2019-09-12  facebooktwitterrss

Incorrect Cleaning Routines Impacting Dairy Profit

Recent data from Deosan shows an alarming number of farms using incorrect cleaning routines and the cost of this misuse can make a significant impact on farm profitability.

Inefficient or unbalanced wash routines could be costing the industry up to £3 million per year in temperature loss alone, where energy consumed to heat water is wasted due to the temperature dropping even before even it is introduced to the parlour. This is before the cost of incorrect chemical use is considered.

Milking parlours need four crucial elements to achieve optimum hygiene, and it is important they are in balance to be effective

Milking parlours need four crucial elements to achieve optimum hygiene, and it is important they are in balance to be effective

Analysing figures from a Deosandesigned app that has been used to study cleaning efficiencies on a representational range of dairy farms throughout the UK, there were two significant findings:

  • On average, water heating accounted for £3250 of expenditure per year, yet due to inefficient release and uptake into the parlour, 20% of the expenditure was never realised due to temperature drop.

  • Chemical consumption was 10% above the required levels for circulation cleaning - meaning approximately £300 in additional cost/farm/year.

“In addition to overuse of chemicals and inefficient water temperatures, there is also the cost of accelerated deterioration to equipment and milk liners. It seems clear that some major improvements can be made, and the good news is that they can be made quickly and simply,” says David Horton, Deosan UK Sales Manager.

“An effective wash cycle can be split into four equal areas – all of which work in harmony for a successful clean. All of these factors should be given equal attention to ensure hygiene investment is cost effective. They are; temperature, contact time of the chemical to clean, correct chemical dosage and mechanical action, i.e. the turbidity of the water going around the system.

 “An efficient parlour wash is essential to ensure milk soil and bacteria are removed. Typically, aiming for water leaving the boiler at a temperature of 77 to 82 degrees Celsius should deliver a good temperature profile across the whole wash cycle,” says David.

However, findings from Deosan showed that on average, 18 degrees Celsius was lost between extraction of the hot water from the heater to the start of the wash.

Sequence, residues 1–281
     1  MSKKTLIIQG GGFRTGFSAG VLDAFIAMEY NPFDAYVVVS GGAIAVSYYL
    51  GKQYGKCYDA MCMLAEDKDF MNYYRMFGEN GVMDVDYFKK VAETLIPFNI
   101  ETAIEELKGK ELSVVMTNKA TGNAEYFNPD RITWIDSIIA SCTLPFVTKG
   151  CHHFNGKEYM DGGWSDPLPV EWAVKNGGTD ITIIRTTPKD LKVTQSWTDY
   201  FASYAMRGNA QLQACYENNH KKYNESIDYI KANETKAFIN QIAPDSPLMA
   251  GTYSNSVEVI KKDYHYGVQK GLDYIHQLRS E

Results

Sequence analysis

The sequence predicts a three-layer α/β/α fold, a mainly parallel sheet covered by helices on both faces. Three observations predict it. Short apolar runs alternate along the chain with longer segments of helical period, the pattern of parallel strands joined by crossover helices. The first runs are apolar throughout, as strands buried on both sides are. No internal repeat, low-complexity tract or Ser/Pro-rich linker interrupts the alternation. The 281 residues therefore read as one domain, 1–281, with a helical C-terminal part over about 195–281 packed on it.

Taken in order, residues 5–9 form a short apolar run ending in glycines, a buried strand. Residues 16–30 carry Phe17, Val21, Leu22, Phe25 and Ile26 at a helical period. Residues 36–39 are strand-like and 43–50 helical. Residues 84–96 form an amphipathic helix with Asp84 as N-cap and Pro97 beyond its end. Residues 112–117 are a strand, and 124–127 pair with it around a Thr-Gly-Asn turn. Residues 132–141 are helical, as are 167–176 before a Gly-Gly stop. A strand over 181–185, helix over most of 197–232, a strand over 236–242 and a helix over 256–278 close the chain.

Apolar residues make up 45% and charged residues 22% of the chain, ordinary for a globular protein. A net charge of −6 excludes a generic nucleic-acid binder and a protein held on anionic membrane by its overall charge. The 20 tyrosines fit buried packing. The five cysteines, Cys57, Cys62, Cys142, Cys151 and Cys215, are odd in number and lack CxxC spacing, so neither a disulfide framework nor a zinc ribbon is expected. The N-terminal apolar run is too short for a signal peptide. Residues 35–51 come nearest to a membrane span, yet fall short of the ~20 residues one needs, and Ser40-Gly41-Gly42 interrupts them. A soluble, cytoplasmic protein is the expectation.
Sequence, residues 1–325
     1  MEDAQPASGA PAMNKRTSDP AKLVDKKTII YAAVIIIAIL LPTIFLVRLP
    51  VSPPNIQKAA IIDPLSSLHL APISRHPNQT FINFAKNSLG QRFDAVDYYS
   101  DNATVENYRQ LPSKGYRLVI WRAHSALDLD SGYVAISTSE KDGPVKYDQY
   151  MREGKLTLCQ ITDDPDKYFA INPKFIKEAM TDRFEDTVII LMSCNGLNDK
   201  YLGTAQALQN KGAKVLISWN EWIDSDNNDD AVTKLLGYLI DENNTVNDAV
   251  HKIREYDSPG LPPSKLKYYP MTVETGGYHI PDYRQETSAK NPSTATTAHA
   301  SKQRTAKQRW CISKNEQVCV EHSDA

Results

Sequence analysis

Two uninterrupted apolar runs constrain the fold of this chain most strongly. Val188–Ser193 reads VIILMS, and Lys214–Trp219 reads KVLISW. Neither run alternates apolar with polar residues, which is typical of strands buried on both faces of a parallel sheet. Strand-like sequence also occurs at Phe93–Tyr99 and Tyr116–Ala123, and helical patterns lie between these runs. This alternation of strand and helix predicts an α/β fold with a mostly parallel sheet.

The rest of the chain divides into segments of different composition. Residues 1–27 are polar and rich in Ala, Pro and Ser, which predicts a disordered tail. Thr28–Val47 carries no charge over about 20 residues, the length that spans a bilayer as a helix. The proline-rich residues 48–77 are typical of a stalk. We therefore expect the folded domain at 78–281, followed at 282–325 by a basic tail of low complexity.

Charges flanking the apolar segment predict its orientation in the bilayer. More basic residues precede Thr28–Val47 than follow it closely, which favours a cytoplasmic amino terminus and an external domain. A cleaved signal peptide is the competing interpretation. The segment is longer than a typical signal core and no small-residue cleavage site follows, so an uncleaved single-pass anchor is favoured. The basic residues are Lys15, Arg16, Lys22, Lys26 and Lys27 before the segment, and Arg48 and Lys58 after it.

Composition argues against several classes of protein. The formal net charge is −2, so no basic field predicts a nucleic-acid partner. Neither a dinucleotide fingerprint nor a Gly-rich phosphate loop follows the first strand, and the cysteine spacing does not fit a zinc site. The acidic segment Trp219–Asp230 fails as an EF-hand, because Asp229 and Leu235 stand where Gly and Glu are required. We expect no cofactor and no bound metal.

“Some simple modifications to the water heater outlet, or the parlour intake arrangement can be made, which are a minimal cost solution. If maintaining higher temperatures is difficult, look for chemical options that work at lower temperatures.

“Frequently checking temperatures at all stages of the wash should be adopted; at the minimum this should be done seasonally, as outside temperatures will have an impact on your wash temperature,” David advises.  “You need to act before an issue affects cleaning and bactoscan results. Something as simple as lagging the pipes can make a big difference on retaining temperatures, or maybe you can reduce the complexity of the pipework.”

The study also found that 33% of farms circulated the water in excess of 8 minutes, and/or allowed the water to fall below 45 degrees C, risking reintroduction of debris to the system.

“These few minutes can be critical for an effective wash. You don’t want a carry-over of pathogens from one milking to the next as this builds a higher risk of problems.”

“It is important to be careful with chemical dosage - 54% of farms introduced a chemical to the final rinse at a higher rate than required. It is advisable to routinely check how much chemical is used to ensure over-dosing is avoided as it can lead to milk fat and scale deposition, biofilm formation, bacterial growth, equipment deterioration, teat damage and ultimately income loss.

 “Teat preparation plays an important role in the success of the wash cycle, so look at your routine or ask for advice on how you can make changes to improve. Overall, 76% of farms had seen a direct improvement in milk hygiene results from introducing a full pre-milk routine; resulting in additional milk bonuses that far outweigh any extra labour and hygiene product costs.”

As we move forward into a new world of dairy production, the industry needs to consider how robust businesses are. Do they meet future requirements? This issue is not simply a cost issue, but also one of waste and carbon footprint; two areas with increasing awareness from consumers. 

“Does your circulation routine deliver efficiency in terms of water, energy and chemical use? Consider what changes you could make; from reducing energy, to choosing products that work in reduced temperatures, ensuring you are using the correct dose and using chemicals that are sympathetic to your equipment. Small adaptions can make a big difference and can eliminate the risk of improper cleaning and its impact on milk profitability,” David concludes.


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